I wrote this in response to the review of "Doing it Themselves: Artists Exploring the Handmade" by Dan Grossman, on view at the Indianapolis Art Center until January 30, 2016.
I want to respond to the point that my artwork “may not offer social commentary…if there is such a thing, beyond irreverence.”
As an instructor, I insist to my students that the primary job of an artist is to communicate—either by visualizing the ineffable, or by contributing to an onging cultural dialogue in a way that adds something to our understanding of the world.
It is her responsbility to know what she is trying to communicate before the viewer, loaded with his own experiences and influences, complicates the dialogue.
I am interested in investigating the distinctions between art, decoration, and kitsch and the function of adornment. I am fascinated by the utility of pictures, particularly the kind that are so commonplace as to be overlooked.
The piece referred to by Mr. Grossman, “Welcome” references a traditional household sign—a plaque or flag bearing a pineapple saying “Welcome,” or “Welcome Friends.”
While I’m aware of the history of pineapples as symbols for goodwill, I am more confused about the ubiquity of this kind of signage in homes or on the shelves of stores, where many people seem to purchase framed images.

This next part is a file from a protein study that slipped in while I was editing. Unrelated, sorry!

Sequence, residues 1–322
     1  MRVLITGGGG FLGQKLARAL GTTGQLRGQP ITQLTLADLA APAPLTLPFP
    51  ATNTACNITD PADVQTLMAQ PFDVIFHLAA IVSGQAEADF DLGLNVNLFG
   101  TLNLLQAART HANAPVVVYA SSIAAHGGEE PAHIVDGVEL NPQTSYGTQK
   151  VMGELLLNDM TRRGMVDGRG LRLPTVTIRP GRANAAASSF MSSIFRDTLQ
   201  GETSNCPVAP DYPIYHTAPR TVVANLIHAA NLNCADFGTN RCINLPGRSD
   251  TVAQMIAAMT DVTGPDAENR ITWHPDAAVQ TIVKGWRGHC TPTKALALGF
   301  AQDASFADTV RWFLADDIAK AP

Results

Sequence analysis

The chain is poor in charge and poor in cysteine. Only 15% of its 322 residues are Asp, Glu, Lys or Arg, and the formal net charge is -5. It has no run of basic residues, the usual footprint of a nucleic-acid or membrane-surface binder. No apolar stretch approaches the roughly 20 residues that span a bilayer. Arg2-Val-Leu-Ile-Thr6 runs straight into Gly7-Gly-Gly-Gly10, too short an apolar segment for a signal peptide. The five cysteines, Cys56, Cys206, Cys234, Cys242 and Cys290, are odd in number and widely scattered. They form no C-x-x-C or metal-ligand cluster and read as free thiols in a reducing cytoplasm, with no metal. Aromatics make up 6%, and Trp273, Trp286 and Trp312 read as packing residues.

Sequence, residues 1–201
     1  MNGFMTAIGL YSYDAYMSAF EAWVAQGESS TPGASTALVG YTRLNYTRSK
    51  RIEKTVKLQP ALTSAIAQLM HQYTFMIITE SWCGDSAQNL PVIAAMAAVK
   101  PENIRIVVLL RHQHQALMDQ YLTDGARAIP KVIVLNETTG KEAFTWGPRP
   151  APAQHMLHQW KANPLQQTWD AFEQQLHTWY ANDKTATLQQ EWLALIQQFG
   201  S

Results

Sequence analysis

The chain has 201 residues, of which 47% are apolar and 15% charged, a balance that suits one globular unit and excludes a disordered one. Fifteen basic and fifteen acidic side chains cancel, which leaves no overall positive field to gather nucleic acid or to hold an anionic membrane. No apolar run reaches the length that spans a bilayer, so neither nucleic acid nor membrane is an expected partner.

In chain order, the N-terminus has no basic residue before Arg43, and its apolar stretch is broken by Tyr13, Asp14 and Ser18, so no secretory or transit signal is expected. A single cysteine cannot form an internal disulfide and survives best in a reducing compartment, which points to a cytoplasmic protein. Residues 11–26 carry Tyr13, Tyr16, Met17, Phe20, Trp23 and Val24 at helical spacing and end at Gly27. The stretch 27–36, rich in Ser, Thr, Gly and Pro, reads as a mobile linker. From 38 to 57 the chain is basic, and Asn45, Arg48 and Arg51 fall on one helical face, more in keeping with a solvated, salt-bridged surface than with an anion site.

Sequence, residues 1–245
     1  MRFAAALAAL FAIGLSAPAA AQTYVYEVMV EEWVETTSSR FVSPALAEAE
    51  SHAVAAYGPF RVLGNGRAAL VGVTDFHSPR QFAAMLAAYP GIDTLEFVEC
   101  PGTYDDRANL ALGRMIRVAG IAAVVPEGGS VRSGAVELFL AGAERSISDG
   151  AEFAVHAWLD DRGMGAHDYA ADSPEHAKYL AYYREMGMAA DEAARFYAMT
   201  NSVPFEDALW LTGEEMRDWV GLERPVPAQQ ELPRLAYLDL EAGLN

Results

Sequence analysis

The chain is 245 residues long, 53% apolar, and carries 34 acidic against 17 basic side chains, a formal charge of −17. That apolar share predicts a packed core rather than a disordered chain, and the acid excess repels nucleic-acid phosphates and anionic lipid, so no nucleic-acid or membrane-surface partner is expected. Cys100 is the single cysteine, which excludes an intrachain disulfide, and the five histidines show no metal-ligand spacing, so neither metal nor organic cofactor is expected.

What would be the affect if the artist adjusts the language?
I guess this could be referred to as a kind of irreverence, if you choose to hear me “taking a tone,” but I consider it part of an investigation into the function of marginal forms.
As I wrote in my statement for “Doing it Themselves,” I am equally fascinated with looking at the reflexively made art of neighborhood backyards and basement thrift stores as the art of galleries and museums. I relate to the imperfections of these forms and their immediacy.
Surprisingly, this gets into terrain about class and power.
The people who made the puffpainted sweatsuit or poured concrete lawn goose might have access to 3D printers and and wireless scanning but as a downwardly mobile artist in search of a sustainable practice, I do not. Or, more significantly, I choose to work with the materials to which I have more immediate access (paper, plywood, paint). In this case the medium is part of the message.
In this same way, choosing to learn from a small business’s hand painted signage or investigate the function of folk mediums could be an attempt at amplifying the marginal and destabilizing power, which is the thrust of my artmaking commentary. Sorry mom and Mr. Grossman, it’s not just a phase.